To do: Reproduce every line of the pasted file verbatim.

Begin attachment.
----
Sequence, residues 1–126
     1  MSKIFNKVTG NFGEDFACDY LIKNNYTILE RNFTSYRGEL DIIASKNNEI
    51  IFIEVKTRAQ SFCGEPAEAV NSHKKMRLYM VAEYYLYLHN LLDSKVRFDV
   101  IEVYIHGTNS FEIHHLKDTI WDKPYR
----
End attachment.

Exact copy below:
Sequence, residues 1–126
     1  MSKIFNKVTG NFGEDFACDY LIKNNYTILE RNFTSYRGEL DIIASKNNEI
    51  IFIEVKTRAQ SFCGEPAEAV NSHKKMRLYM VAEYYLYLHN LLDSKVRFDV
   101  IEVYIHGTNS FEIHHLKDTI WDKPYR